David Hirschman is the managing editor of Big Think.
There's no such thing as a verbatim, facsimile memory, says USC neuroscientist Antonio Damasio. When we reconstruct events in our minds, we are pulling together set sequences of specific details stored in different parts of the brain.
What is happening to the neurochemistry of an addict's brain that makes that person so unable to do without cocaine, heroin, or methamphetamines?
We all think we know what it means to be conscious, but it is hard to pin this down in a precise, scientific way—as USC neuroscientist Antonio Damasio explains in our video. Every weekday in September, Big Think will offer a new insight into the human brain in our new "Going Mental" blog.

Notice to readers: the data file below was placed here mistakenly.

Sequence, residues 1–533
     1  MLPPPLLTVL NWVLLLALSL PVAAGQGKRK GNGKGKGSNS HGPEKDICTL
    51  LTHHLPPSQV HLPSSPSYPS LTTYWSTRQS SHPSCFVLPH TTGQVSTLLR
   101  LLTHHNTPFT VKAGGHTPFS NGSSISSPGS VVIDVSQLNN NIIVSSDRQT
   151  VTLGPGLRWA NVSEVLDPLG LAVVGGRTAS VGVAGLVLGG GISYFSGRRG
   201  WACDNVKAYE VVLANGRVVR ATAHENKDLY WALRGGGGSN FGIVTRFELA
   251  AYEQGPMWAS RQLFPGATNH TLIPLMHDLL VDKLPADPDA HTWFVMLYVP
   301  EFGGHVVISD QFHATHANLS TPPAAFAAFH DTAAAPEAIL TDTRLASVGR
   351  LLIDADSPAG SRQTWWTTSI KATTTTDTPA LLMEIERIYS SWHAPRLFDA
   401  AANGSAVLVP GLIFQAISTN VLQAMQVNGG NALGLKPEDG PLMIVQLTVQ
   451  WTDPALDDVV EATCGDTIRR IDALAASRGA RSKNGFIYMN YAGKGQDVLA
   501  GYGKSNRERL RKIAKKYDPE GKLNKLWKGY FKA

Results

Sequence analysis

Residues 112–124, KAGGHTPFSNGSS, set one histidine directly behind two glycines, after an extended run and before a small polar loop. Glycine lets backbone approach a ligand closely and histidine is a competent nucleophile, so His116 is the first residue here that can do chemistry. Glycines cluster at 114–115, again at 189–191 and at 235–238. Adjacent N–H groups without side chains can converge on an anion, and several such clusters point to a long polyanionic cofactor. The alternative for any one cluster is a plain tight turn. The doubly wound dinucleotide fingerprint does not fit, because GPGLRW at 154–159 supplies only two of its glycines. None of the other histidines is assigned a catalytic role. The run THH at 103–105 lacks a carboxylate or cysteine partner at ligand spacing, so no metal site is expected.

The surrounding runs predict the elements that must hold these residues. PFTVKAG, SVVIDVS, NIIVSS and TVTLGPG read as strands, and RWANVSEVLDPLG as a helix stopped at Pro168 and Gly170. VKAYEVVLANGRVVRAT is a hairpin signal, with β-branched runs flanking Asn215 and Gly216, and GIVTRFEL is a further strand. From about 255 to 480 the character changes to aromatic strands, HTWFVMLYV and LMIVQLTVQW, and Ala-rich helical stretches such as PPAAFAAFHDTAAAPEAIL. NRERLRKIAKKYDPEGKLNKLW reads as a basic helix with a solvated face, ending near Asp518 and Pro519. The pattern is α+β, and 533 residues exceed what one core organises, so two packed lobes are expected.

“Software should always be free because all users of software deserve freedom,” says Richard Stallman, founder of the Free Software Foundation and the GNU Project, and a longtime activist. But […]
It’s been over 20 years since the Berlin Wall fell, yet the North Atlantic Treaty Alliance (NATO), a military group which was originally created to defend Western Europe from Russia, […]
There are few things we take more for granted than the concept of gravity. Through history, physicists like Isaac Newton and Albert Einstein have developed theories about the Universe that […]
When children are born with severe, debilitating conditions like some forms of spina bifida—in which some vertebrae on top of the spinal cord remain unfused and open—their lives can often […]